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The European Union and the United States have agreed to talks on a free trade alliance.
European Commission President Jose Manuel Barroso said they should be able to start discussions by the end of June on bringing down trading barriers.
It would be the most ambitious free trade deal ever attempted, encompassing half the world’s economic output and a third of global trade flows.
Barroso told a news conference: “A future deal between the world’s two most important economic powers will be a game changer. Together, we will form the largest free trade zone in the world. So this negotiation will set a standard, not only for our future bilateral trade and investment, including regulatory issues, but also for development of global trade rules.”
He spoke after President Barack Obama announced US support for the idea during his annual State of the Union address to Congress.
Tough talks ahead
The EU estimates such an agreement would boost its annual GDP growth by half a percent, however
the EU Trade Commissioner Karel De Gucht warned the talks will be tough.
Import tariffs between the two are already low – at an average of four percent.
Negotiations will focus on harmonising standards, from car seat belts to household cleaning products, and regulations governing services.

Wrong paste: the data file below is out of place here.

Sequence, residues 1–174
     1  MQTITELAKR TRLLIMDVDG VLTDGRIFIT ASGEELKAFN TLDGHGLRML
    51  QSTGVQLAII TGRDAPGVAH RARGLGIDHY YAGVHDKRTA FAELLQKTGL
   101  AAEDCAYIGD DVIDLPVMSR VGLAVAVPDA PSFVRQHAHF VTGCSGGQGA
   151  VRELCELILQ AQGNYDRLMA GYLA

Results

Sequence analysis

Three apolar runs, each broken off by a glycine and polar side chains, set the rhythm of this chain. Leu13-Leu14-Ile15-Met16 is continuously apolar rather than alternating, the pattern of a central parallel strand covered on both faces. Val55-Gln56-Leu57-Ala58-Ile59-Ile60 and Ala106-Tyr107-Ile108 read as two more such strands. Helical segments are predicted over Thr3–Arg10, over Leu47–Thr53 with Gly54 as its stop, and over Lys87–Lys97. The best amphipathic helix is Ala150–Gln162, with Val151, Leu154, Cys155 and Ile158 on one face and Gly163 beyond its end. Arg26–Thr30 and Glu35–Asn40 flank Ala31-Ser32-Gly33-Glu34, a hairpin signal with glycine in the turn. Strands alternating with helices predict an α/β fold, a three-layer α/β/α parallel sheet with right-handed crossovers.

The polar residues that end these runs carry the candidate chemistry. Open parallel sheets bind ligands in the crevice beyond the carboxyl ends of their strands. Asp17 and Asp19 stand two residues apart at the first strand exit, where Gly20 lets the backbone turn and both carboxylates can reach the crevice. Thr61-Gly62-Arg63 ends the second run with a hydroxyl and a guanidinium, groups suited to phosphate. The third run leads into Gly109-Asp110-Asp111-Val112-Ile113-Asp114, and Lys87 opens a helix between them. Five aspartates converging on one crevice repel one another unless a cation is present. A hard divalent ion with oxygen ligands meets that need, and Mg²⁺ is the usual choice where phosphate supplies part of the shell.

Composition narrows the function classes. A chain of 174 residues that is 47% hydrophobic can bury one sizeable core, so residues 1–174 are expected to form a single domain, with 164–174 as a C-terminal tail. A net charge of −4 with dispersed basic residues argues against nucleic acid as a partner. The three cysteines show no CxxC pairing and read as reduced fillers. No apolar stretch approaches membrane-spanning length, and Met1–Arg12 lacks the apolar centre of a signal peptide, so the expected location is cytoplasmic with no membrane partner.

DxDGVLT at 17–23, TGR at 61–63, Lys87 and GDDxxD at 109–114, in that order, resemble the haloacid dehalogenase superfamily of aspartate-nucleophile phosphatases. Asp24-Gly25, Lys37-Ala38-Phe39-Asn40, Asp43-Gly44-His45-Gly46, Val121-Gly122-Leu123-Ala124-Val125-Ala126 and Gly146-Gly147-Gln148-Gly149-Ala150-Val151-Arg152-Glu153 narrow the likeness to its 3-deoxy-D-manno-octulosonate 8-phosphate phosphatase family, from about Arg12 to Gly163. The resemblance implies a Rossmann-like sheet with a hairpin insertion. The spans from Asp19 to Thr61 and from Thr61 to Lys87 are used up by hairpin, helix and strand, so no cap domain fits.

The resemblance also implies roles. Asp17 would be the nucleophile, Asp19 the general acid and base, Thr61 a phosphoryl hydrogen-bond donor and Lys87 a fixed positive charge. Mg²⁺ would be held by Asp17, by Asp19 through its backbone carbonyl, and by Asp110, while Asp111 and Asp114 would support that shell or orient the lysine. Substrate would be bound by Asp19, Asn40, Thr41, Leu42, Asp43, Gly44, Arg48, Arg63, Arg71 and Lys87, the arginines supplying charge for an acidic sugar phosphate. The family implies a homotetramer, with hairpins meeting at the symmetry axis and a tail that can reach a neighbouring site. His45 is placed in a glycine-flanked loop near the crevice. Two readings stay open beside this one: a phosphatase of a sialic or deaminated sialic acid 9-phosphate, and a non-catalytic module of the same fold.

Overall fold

Ideally, De Gucht said, the negotiations should be wrapped up in two years.
Before talks can start, the US Congress must be notified and the European Commission needs approval from EU member states. It will present draft negotiating directives in March, no doubt prompting debate.
How they gonna see this down on the farm?
One of the key sticking points is likely to be agriculture.
When a transatlantic trade deal was suggested in 1998, it was shot down by France, which feared the European Union could be forced into concessions on agricultural trade.
The United States has long been frustrated with EU restrictions on US farm products such as genetically modified (GMO) crops, poultry treated with chlorine washes and meat from animals fed with the growth stimulant ractopamine.
In an early sign of EU reticence, Barroso said the negotiations would not compromise consumer health.
“We will not negotiate changes that we do not want of the basic rules on either side, be it on hormones or GMOs,” he said.
The United States does not want a repeat of the Doha round of world trade talks, which began in 2001 and have never come to a conclusion.